Restorative treatment has many applications particularly in broken or damaged teeth. Modern dental prosthetics are used to fully restore anatomical form and function of the affected teeth. Prosthetic teeth can be made to undetectably and seamlessly blend in and give you a brilliant, confident smile.
Dental veneers are very thin layers of porcelain fitted on the front surface of the teeth to improve the smile. They can be used to correct the stains, chips, cracks, and gaps. In some occasions veneers can be used to correct misaligned or crooked teeth.
A dental crown is a restoration made of porcelain, alloys of metals, or gold, which fits over the remaining part of the tooth for protection and to shape the tooth naturally. A crown can also be used to strengthen the root-filled teeth, to hold a denture firmly in place, or even for cosmetic purposes to improve the tooth appearance.
Dental bridges are false teeth used to replace one or more missing teeth. The bridges significantly improve your smile, appearance, and tooth function. They also help prevent the movement of neighbouring teeth, which can cause undesirable gaps and alter your bite.
Dentures are removable replacements for missing teeth, which not only improve the appearance by providing sufficient support for cheeks and lips, but also function like your own natural teeth. The denture can be complete or partial. A complete denture is used when no teeth remain; while a partial denture is used to fill the spaces created by the missing teeth and may attach to the natural teeth using metal or plastic clasps.
There are a wide variety of materials available for dentures at Nelson Dental Clinic. Therefore, you will have many options including the latest Valplast cosmetic dentures in a large number of colours, to best match your teeth and interest.
Wisdom teeth develop after all other teeth therefore if there isn’t enough space for them to grow, they become impacted, causing pain and swelling. If your wisdom teeth are causing problems, you may consider having them removed. This will require an x-ray so that your dentist can see its position and make a judgment on how easy or difficult the extraction will be.
A tooth can be removed for several reasons. Some of the most common reasons include:
- A broken tooth that cannot be repaired
- Tooth decay - if a tooth is rotten, its nerves and blood vessels can die, leading to a painful abscess
- Severe gum disease (periodontal disease) - when bacteria builds up on your teeth and damages the bone that holds them in place, the teeth may become loose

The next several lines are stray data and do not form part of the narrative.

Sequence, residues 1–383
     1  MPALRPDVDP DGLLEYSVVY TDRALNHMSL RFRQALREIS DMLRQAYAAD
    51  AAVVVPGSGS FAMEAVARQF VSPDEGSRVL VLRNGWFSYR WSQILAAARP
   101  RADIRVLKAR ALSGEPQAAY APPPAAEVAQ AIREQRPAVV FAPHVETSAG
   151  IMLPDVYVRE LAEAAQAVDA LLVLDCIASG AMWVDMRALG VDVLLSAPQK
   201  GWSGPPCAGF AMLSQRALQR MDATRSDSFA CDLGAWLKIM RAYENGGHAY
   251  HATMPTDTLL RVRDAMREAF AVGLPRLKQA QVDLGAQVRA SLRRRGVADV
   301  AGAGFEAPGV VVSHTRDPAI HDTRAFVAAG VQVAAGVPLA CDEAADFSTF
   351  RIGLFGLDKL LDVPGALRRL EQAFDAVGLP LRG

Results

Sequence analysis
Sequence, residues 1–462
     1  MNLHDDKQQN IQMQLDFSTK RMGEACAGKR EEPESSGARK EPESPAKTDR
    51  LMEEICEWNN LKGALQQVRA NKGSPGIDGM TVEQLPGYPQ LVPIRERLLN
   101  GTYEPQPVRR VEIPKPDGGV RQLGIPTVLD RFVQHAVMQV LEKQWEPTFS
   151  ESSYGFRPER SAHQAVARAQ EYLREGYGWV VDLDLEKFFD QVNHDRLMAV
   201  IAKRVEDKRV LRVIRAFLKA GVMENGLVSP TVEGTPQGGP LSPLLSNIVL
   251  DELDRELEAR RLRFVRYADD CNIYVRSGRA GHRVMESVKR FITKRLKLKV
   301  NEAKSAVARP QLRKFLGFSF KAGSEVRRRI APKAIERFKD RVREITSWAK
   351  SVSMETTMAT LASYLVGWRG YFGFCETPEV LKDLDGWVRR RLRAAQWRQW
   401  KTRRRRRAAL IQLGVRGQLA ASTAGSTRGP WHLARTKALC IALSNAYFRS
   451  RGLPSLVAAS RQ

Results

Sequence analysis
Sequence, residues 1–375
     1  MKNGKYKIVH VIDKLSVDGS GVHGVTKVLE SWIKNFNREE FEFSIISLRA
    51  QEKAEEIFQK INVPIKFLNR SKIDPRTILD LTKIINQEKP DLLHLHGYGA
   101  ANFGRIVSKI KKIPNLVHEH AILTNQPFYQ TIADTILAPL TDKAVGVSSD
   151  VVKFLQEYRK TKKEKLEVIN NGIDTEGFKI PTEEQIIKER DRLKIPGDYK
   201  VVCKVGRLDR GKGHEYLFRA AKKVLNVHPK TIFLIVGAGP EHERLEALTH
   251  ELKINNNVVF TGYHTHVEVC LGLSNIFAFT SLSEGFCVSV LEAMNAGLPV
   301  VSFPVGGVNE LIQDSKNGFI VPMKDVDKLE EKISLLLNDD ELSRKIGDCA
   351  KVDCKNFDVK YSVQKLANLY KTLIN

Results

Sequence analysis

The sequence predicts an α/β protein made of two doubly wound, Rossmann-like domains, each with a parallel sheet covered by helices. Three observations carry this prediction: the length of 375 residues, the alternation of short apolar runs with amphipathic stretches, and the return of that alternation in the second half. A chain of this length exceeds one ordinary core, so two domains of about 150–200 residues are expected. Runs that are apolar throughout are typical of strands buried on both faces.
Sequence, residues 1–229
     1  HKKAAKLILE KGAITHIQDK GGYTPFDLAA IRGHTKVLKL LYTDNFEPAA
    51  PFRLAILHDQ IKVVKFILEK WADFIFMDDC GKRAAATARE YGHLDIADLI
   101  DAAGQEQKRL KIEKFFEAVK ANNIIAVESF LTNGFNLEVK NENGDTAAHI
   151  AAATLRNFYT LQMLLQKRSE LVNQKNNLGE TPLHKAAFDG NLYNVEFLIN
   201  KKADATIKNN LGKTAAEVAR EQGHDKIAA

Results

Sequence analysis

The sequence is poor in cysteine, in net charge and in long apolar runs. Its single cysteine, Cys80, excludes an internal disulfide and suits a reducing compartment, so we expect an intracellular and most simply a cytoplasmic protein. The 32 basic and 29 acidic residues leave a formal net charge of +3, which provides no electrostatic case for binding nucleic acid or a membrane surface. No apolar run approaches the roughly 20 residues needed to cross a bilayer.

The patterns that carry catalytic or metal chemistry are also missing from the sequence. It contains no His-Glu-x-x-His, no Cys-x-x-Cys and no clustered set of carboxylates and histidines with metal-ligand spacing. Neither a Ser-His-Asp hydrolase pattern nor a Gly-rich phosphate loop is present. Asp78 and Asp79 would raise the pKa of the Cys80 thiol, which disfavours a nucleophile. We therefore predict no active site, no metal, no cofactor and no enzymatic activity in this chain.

- Crowded teeth - if you have a small jaw or lost your milk (baby) teeth early, your teeth may be crooked and you may need to have one or more removed so that the rest can be straightened
Root Canal Treatment
Root canal treatment (also called endodontics) is needed when the blood or nerve supply of the tooth (known as pulp) is infected through decay or injury. You may not feel any pain in the early stages of the infection. In some cases, your tooth could darken in colour, which means that the nerve of the tooth has died (or is dying). This would need root canal treatment. If the tooth is left untreated an abscess may form; as the abscess expands, the tooth rises slightly out of its socket making it feel tender when you bite down.
The common restorations recommended by your dentist will vary according to your dental condition, and may comprise of any of the following:
- A dental post – Posts are placed in teeth that have large portions of their tooth structure missing. To increase the stability of the tooth, dentists will have to increase the amount of tooth that extends up to the centre of the dental crown. This can be accomplished by using a dental post which will serve as the anchor for the filling material used to increase the height of the internal core of the tooth.
- A dental crown – Used to restore or repair a broken tooth and improve its appearance. Crowns are made of porcelain or metal and serve as excellent seals for tooth by preventing the contamination by bacteria or other debris in the mouth.
Repeating root canal treatment
Generally, the positive outcomes of a root canal treatment last a lifetime; however, if infection does return the treatment can be repeated. Tooth extraction is the only other alternative where you can have the tooth with the infected pulp removed. However, it is always better to retain your natural teeth than have them removed.